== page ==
Many thanks to Tracy Boccini of 2Rad for supplying this great information!
Here at Cartier, the most popular and predominant wind is from the southwest direction. With a light wind condition, the water is choppy, with small lake waves and as the wind picks up, the waves get bigger, yet always of the shallow lake type, that is, close together, and pointy in formation, making for good jumping ramps. As the winds become very strong and gale force, they can swell to 4 or 5 feet, becoming both long rolling and short, steep and pointy, depending on where you are at a given time during the session. A slight current flows to the east but in powered conditions, is almost insignificant, however for some individuals with small volume boards or beginners, if the wind does drop, the current can influence your ability to sail upwind, making it difficult to return to the launch area.
West winds blow as often but don’t equal the nice wave conditions of SW, and tend to be choppier. This direction works ok from Cartier, but the wind line can make a water walk necessary. If the wind line is too far out because of a WNW direction, you might be better off driving 15 minutes to another popular site, l’Anse à l’Orme, where this direction is better. (Two streets west of Cartier is St-Joachim street which offers a small launching opportunity for cleaner west wind directly from shore) East and SE winds blow infrequently in the Montreal area, but when they do, the waves can be nice because of the opposite forces of wind and water current working against each other producing small “standing waves”. A pure south is also infrequent and straight on-shore, making upwind tacks necessary to clear the shallow point, west of the launch. This direction also limits the size of the waves. So, the wind directions that allow windsurfing at this site are; E, SE, S, SW and W; SW being the best.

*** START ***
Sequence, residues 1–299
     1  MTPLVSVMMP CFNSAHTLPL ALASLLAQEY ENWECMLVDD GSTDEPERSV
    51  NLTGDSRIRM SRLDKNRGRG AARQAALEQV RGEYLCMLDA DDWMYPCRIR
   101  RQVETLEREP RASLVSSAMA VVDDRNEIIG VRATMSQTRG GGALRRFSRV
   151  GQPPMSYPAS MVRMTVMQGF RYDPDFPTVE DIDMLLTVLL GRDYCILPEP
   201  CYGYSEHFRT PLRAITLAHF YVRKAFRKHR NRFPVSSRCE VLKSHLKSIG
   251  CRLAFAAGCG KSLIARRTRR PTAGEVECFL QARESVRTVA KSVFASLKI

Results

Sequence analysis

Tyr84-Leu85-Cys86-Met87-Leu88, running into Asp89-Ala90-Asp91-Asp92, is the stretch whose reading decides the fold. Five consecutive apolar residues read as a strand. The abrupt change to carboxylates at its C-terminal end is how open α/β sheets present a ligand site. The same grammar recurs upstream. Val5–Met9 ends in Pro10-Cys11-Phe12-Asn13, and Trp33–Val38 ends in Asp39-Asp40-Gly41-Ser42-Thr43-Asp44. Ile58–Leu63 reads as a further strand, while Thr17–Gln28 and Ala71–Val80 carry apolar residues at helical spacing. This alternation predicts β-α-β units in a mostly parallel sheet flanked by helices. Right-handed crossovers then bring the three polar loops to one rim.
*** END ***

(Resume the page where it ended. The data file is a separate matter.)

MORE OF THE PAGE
Lake St Louis tends to develop aquatic vegetation by the end of July, making weed fins a must at this time of season. Boat traffic of all types are concentrated around this area, so know the rules and play it safe. It’s also important to remember that directly in front of the point where the windmill stands, west of the launch area, a shallow section shoots out about 150 metres into the lake when the water level is at it’s summer low. Have a local pointe this out as you rig. Parking is ample in the municipal parking lot but must be shared with the boaters, soccer players and other visitors. Rigging is done mostly on the grass of the soccer field and it’s sidelines. However, during game periods you obviously must keep your gear off the field and clear of the sidelines, and with a cooperative approach, there is room for everyone. Also, there is a second area close to the water where there are trees and lots of grass to rig.
This launch area is a great destination for people with young families because of all the extras. Directly behind the soccer field is a municipal outdoor pool(June to September), a kids park with swings and climbing thinks to play in. There are pic-nic tables, park benches, drinking water, toilets and a snack bar and convenience store within walking distance. Also within walking distance is the “Old village of Pointe Claire” where boutiques and restaurants are there for the choosing.
In summary, I can say that this site is always nice to visit. People come down on a windy day just to watch the windsurfers. Cohabitating the park with other sports enthusiasts also add to it’s dynamic atmosphere. So give it a try, it’s a great place.
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